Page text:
English Language & Usage Stack Exchange is a question and answer site for linguists, etymologists, and serious English language enthusiasts. It's 100% free, no registration required.

Sign up
Here's how it works:
  1. Anybody can ask a question
  2. Anybody can answer
  3. The best answers are voted up and rise to the top

Should there be spaces after a semicolon in a sentence? For example:

"...minimum/standard requirements for a base diploma;there has been..."


"...minimum/standard requirements for a base diploma; there has been..."

share|improve this question

Yes. Generally a space is needed after punctuation and before the start of a new word, the exceptions being the beginning of an enclosed pair such as (parentheses) and "quote" marks. Compound word separators such as hyphens - and slashes "and/or" are also exceptions to using a space.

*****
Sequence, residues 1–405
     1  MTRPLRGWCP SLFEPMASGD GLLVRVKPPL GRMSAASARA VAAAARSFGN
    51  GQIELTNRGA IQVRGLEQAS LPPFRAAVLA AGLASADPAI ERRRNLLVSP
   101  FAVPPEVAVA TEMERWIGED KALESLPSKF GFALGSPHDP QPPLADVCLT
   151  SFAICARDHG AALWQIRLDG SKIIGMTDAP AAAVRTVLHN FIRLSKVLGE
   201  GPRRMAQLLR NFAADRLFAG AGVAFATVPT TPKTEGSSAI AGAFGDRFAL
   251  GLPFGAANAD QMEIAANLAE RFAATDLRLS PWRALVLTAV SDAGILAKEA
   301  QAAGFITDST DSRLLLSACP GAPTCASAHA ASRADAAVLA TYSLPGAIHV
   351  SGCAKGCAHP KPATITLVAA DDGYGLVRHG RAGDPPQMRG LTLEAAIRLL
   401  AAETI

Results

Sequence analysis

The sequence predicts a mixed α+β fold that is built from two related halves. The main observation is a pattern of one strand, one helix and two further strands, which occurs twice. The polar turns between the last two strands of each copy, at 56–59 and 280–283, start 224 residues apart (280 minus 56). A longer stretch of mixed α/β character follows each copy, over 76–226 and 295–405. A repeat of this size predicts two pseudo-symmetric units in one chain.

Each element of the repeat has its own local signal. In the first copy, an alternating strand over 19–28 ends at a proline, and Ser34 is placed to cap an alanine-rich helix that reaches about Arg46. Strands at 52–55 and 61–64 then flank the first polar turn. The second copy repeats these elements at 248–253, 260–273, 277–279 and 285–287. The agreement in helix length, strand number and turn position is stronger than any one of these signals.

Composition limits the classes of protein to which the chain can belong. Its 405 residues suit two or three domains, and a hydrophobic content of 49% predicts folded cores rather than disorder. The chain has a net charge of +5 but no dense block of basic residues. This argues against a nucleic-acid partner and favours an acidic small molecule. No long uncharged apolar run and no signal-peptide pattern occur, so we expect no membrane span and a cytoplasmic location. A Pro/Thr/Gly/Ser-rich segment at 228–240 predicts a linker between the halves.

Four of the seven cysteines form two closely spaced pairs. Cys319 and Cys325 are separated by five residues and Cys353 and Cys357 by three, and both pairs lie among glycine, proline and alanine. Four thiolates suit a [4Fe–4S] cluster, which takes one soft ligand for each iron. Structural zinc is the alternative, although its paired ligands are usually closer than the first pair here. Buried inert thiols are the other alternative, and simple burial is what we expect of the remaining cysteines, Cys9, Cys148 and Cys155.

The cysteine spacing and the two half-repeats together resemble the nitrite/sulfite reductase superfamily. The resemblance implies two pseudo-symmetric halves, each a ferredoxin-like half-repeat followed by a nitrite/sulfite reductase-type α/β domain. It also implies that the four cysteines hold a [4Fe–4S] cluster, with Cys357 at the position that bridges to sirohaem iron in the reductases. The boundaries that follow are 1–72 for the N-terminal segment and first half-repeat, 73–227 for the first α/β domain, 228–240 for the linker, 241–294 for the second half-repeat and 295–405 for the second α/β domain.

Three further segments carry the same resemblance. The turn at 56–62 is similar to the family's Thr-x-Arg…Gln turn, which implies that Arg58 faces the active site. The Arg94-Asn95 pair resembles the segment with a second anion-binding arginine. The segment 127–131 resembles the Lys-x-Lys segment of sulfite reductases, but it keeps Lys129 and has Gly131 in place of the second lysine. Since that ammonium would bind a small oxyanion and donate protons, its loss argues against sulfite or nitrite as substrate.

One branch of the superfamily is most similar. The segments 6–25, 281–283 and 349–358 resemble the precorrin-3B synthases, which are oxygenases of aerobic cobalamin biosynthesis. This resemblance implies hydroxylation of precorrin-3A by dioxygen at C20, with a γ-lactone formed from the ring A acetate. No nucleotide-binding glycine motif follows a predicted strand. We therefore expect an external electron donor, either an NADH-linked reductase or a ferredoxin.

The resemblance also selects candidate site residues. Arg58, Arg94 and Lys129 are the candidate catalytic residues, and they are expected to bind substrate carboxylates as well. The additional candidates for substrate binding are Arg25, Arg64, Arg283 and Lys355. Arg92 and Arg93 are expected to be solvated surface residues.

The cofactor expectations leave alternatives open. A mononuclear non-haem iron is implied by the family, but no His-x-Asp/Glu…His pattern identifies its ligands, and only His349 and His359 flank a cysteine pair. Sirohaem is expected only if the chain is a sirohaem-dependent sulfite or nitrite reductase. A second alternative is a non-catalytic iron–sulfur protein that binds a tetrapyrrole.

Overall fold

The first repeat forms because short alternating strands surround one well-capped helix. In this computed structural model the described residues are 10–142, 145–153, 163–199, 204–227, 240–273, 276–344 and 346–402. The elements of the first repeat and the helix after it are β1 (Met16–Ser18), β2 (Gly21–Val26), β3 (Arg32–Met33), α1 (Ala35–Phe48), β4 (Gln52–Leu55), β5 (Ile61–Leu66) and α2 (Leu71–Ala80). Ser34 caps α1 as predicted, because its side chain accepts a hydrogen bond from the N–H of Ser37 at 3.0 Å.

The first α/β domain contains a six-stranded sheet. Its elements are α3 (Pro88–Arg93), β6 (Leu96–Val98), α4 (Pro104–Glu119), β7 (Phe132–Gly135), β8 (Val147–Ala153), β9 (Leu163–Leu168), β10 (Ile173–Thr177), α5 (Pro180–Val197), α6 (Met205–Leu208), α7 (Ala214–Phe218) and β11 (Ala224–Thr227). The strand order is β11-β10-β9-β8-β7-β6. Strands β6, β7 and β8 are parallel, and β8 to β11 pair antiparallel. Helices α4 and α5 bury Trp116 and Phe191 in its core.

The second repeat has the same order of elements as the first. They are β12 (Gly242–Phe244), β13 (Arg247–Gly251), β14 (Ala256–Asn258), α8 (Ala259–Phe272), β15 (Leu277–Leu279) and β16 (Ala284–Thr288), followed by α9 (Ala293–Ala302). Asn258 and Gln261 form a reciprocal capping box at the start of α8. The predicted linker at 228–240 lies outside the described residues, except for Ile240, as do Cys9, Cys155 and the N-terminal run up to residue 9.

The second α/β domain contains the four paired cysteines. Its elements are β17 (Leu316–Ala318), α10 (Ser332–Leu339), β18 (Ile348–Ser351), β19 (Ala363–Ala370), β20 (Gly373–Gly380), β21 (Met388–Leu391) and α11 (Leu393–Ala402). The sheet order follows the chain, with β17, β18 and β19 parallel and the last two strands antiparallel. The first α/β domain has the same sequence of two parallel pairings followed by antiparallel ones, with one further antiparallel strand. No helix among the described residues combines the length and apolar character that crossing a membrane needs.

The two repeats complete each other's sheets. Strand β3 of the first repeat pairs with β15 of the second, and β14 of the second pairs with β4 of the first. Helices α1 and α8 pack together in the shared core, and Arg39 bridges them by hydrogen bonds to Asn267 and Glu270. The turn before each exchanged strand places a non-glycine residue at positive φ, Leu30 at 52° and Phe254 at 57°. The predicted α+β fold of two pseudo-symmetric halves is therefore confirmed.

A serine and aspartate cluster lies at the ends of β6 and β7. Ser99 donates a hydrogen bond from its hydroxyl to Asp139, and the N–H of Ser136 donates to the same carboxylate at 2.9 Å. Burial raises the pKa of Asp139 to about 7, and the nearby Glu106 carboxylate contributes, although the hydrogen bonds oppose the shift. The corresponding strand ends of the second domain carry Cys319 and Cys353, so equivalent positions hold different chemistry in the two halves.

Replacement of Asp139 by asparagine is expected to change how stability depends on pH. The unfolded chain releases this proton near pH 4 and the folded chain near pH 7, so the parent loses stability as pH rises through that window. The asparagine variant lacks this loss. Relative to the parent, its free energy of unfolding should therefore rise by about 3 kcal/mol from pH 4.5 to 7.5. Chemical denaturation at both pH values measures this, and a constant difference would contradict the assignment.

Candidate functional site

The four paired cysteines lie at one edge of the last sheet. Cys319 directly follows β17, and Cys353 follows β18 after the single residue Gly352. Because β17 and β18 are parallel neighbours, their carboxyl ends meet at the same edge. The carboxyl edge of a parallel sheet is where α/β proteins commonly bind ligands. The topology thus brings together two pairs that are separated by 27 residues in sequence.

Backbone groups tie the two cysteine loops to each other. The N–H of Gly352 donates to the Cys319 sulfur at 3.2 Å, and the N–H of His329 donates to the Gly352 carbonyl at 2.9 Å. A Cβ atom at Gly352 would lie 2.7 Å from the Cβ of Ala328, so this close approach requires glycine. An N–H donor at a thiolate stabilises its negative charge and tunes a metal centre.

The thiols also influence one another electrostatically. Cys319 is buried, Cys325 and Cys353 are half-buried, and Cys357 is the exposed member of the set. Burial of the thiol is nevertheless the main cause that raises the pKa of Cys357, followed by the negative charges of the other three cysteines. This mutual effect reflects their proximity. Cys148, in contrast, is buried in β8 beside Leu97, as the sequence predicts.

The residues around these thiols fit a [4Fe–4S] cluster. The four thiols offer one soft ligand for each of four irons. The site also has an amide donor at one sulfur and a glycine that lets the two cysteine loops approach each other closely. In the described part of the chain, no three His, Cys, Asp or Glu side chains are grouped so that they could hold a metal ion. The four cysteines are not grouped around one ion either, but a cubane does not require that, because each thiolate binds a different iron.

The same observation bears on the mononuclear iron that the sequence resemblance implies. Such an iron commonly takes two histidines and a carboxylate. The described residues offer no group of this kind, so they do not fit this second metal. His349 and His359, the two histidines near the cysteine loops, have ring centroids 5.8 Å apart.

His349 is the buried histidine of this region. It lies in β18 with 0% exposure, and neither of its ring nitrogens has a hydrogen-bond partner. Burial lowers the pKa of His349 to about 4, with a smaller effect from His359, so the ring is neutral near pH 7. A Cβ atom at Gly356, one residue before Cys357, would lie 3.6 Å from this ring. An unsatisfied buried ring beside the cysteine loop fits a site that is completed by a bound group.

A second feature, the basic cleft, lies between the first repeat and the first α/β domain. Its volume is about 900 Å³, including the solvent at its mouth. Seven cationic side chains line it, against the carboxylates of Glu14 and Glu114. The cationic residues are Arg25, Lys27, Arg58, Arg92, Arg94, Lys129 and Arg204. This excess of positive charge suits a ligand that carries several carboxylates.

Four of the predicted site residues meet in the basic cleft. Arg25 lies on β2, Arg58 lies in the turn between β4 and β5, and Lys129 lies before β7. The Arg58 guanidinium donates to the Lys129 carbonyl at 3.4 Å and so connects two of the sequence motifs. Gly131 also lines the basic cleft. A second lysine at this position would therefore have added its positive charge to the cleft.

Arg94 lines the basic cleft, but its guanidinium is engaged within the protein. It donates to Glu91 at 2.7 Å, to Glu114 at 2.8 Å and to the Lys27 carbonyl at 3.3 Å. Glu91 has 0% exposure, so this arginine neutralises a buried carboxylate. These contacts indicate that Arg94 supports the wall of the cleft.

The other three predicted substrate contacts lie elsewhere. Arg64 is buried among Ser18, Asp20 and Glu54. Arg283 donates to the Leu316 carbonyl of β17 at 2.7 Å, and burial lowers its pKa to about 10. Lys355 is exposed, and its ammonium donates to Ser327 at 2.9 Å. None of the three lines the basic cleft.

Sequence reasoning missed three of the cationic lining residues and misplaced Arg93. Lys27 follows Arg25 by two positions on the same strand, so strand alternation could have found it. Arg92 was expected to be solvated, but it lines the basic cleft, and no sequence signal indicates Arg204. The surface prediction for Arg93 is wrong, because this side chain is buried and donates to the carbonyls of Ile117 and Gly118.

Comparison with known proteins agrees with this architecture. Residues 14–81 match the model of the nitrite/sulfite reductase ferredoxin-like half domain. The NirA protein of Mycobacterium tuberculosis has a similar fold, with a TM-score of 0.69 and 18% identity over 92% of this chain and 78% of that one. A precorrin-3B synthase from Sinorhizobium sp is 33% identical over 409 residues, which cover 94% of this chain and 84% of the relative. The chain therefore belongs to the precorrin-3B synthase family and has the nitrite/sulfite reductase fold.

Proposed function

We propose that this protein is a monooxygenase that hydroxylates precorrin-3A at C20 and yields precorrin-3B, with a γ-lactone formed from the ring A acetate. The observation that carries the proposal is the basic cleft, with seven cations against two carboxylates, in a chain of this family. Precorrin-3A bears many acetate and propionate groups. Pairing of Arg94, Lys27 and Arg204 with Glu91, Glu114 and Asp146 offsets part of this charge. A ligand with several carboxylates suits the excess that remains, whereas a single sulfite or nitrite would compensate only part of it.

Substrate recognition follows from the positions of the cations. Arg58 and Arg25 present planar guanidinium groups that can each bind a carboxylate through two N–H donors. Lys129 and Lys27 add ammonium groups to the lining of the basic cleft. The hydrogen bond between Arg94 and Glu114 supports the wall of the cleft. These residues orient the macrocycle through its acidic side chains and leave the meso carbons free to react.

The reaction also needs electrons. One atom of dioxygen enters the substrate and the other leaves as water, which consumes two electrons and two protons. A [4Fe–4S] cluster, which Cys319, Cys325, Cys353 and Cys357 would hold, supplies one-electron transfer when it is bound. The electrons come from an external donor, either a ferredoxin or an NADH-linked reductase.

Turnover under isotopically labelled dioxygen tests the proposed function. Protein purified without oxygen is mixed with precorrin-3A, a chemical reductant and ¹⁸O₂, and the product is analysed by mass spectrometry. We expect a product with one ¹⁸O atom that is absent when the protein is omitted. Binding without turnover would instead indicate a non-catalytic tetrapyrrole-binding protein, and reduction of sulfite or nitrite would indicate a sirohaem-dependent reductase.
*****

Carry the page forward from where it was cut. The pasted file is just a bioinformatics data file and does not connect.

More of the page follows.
share|improve this answer
Should the continuing sentence start with a capital letter, or stay as lowercase? – JFW Feb 22 '11 at 10:11
after a semicolon, always use lowercase (unless the first word is ordinarily in uppercase) -- just like you would after a comma – The English Chicken Feb 22 '11 at 11:15
Thanks for the reply. :) Is this same in the case of a dash, as in: "...the upmost importance in this particular subject–it is...". Should there be a space? What about capitalisation of the following sentence after the dash? – JFW Feb 22 '11 at 14:28
My personal opinion is that spaces around a dash (when distinguished from a hyphen) enhance the readability, and I prefer to use them. However, the most commonly accepted form of typography generally avoids use of spaces around a long dash (em-dash or en-dash). – mgkrebbs Feb 23 '11 at 8:57

Your Answer


By posting your answer, you agree to the privacy policy and terms of service.

Not the answer you're looking for? Browse other questions tagged or ask your own question.